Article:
Montreal's wood-burning stoves and fireplaces must be registered by Dec. 22 or face fines

A City of Montreal bylaw, passed on Aug. 18, says wood-burning devices must be declared by Dec. 22 to ensure they meet emissions standards.

Fines start at $500 for those not in compliance with new bylaw

Fire burning in a wood stove.
According to the City of Montreal, there are about 50,000 wood-burning stoves and fireplaces in the city. (CBC)

If you own a wood-burning stove or fireplace, this is the last day to register it or face stiff fines.

A City of Montreal bylaw, passed on Aug. 18, says wood-burning devices must be declared by Dec. 22 to ensure they meet emissions standards.

Wood-burning appliances can be registered online.

The bylaw stipulates that such devices cannot emit more than 2.5 grams of fine particles per hour. Devices that fall short of that must be replaced or adapted by Oct. 18, 2018, or they can no longer be used.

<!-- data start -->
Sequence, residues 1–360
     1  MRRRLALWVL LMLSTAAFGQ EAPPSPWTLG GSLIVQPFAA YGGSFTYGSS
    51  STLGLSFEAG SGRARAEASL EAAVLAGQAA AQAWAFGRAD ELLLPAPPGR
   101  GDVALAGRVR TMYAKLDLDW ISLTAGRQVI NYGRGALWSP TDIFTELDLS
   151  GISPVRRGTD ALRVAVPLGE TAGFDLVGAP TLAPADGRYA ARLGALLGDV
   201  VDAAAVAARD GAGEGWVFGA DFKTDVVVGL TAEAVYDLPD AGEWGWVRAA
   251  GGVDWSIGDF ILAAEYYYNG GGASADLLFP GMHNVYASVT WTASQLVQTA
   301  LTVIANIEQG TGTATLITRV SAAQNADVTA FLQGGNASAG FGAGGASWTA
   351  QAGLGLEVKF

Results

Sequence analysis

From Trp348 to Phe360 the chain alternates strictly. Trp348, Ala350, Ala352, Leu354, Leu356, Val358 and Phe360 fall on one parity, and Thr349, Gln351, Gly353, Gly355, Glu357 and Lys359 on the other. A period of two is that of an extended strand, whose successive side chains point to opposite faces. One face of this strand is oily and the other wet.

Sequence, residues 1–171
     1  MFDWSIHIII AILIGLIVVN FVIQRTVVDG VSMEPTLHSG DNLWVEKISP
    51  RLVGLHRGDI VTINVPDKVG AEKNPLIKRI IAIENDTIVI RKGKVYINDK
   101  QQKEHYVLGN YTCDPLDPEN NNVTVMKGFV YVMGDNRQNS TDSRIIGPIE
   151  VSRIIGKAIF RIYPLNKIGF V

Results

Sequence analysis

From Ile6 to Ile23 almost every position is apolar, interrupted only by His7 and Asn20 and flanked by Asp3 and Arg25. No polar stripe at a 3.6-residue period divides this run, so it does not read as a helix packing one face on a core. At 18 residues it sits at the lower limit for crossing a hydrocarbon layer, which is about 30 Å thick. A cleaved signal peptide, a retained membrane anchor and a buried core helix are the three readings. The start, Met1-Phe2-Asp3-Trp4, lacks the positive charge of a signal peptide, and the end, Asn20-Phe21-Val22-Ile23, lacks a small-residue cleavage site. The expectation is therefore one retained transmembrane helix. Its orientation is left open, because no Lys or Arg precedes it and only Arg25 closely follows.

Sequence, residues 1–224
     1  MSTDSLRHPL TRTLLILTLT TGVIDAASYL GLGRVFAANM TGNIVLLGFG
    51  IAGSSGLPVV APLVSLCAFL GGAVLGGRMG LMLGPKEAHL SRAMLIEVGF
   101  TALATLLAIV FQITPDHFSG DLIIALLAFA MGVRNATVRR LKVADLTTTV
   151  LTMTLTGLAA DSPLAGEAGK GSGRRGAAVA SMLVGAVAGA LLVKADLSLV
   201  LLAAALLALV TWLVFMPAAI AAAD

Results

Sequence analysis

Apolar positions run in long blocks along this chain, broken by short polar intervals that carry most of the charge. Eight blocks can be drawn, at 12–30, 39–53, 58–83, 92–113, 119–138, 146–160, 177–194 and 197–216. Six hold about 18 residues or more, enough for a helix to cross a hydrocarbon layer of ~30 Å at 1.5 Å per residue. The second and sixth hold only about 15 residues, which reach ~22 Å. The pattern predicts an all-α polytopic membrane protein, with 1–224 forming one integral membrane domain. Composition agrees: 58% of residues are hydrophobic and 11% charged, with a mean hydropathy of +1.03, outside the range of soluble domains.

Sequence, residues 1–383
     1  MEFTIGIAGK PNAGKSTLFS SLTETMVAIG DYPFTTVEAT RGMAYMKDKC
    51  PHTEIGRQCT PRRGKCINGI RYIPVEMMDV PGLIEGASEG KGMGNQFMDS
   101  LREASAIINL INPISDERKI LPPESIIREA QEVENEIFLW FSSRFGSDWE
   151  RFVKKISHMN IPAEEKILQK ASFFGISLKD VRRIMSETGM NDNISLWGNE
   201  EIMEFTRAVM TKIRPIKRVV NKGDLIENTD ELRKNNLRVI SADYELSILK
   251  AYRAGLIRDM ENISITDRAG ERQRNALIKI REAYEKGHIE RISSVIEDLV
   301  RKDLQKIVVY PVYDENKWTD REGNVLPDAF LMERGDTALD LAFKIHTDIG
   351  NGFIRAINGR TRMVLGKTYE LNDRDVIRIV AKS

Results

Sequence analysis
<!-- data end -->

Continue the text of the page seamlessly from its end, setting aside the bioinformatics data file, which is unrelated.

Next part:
And during smog alerts, no device of any kind is permitted to burn wood.

Fines for not complying are:

  • $500 for the first offence
  • $1,000 for the second offence
  • $2,000 for following offences

Here's a breakdown of the bylaw and what it means for you.

Why was this law adopted?

According to the City, smoke from burning wood accounts for nearly 40 per cent of fine particle pollution, second only to transportation emissions. It's a major cause of winter smog.

What if eco-friendly logs are used?

It doesn't matter. It's not the type of fuel that's the problem. The build and burning efficiency of the device determine the emissions.

How do you upgrade an existing fireplace?

Ask your local hardware store or fireplace dealer about inserts that can fit right into the masonry. These typically run from $2,000 to $4,000.

Are there any exemptions?

Fireplaces that use propane or natural gas do not have to be registered. 

If there is a power outage that lasts more than three hours, any device can be used.

How do you know a device's emissions?

EPA-certified devices should come with a certificate declaring its emissions. Older devices may not have an emission fact sheet, and should be replaced or upgraded.

There are more answers to common question on the City of Montreal's website.